Adding a portable space heater to your cold-weather arsenal could make these bitter winter days a lot more bearable. These heaters used to get a bad rap because of safety concerns, but like many home appliances, today's models are designed to be safer and sleeker than the heaters of old.
When used carefully, they allow you to provide supplemental heat in a small, targeted area as opposed to dialing up the thermostat for your entire house.
"It's something you may remember when growing up in your grandma's house, but they used to be a lot more dangerous than they currently are," says Brett Brenner, president of the Electrical Safety Foundation International (ESFI). They still require mindful operation and, he says, "people do leave them on overnight when they are sleeping, and we still don't recommend it."
In the past 10 years, manufacturers have improved built-in safety features such as a tip-over shut-off switch, says Jill Notini, a vice president at the Association of Home Appliance Manufacturers (AHAM).
There are several types of units on the market, so it's important to research which is best for your needs and the size of your space. When buying a space heater, look for a safety certification from an organization such as Underwriters Laboratories (UL) or Intertek's ETL Mark.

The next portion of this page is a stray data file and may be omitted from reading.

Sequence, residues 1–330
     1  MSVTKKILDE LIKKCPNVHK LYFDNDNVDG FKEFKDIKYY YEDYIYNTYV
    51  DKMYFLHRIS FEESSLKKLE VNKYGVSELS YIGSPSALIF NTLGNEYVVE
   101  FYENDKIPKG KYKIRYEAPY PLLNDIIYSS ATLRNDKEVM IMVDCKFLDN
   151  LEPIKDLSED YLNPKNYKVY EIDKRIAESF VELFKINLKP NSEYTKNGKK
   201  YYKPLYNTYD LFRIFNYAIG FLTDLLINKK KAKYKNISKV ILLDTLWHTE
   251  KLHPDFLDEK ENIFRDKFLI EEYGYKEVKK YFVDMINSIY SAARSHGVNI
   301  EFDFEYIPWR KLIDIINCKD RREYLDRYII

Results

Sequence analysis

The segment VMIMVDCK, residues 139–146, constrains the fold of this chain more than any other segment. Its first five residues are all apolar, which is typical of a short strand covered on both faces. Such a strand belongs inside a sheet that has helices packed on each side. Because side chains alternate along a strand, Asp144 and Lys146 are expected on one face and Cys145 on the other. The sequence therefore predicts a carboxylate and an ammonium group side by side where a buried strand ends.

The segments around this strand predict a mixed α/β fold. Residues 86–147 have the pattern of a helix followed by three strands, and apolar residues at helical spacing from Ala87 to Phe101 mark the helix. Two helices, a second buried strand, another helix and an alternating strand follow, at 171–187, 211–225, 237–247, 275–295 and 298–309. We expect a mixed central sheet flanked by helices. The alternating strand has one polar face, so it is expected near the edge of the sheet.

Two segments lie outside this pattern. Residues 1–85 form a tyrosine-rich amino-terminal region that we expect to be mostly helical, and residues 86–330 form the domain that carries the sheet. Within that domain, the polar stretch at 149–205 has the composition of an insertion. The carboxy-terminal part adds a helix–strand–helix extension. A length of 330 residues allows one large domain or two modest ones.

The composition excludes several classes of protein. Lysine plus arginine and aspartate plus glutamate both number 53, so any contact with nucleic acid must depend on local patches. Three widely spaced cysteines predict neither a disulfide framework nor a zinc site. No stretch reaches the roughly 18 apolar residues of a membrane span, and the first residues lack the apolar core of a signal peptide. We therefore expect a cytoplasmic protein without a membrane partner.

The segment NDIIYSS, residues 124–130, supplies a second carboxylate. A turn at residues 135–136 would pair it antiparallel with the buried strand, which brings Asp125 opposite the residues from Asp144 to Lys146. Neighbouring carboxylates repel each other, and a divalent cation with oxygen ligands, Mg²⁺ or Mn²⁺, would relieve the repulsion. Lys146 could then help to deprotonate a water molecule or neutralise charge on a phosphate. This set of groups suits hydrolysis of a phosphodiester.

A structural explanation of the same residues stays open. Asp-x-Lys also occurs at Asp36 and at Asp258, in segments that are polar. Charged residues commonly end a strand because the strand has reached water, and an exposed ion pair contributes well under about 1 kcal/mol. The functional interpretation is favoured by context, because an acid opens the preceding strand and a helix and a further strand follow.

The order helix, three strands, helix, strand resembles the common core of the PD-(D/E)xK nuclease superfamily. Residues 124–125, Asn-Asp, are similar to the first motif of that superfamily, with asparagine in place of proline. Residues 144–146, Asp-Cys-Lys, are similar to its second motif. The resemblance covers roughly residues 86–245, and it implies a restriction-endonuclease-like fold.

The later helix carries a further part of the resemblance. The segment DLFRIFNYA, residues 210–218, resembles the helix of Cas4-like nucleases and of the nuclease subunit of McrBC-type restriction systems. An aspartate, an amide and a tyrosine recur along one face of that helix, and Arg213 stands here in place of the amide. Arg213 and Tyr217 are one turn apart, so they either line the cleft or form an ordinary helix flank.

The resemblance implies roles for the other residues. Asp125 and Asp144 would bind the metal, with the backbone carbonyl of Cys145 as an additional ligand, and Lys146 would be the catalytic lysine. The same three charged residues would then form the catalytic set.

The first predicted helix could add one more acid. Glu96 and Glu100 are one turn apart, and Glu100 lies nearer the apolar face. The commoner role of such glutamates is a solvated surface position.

Don't ever buy a used heater, Notini says: "You don't know the history of the product or what condition it was stored in or whether it was ever dropped."
Here are five tips on using portable electric heaters from AHAM and ESFI. As always with new appliances, the first thing you should do is read all the directions and warnings provided in your instruction booklet.
Don't leave your heater on in an unattended room. "Never keep your portable electric heater on when you are sleeping; it's not worth it," Notini says.
Keep a three-foot perimeter around the unit clear. One Bethesda fire station has a sign outside it that says, "Space Heaters Need Space." Never store clothing on or around the unit, or put it too near curtains or beds. Never cover the cord or put anything on top of it. Do not use it as a towel warmer or clothes rack.
Be mindful of where you plug it in. Plug space heaters directly into an outlet. Don't ever use an extension cord or a power strip, which could overheat. And don't plug anything else into the same electrical outlet as your heater.
Beware of kids and pets. Either could knock over a space heater, so be extra careful to watch toddlers or cats and dogs around your heater. Unplug it when not in use.
Inspect it regularly. Because you use space heaters for only a few months during the year, take a good look at your unit when you take it out for the season. Make sure that your cord isn't damaged and doesn't feel hot to the touch when in operation.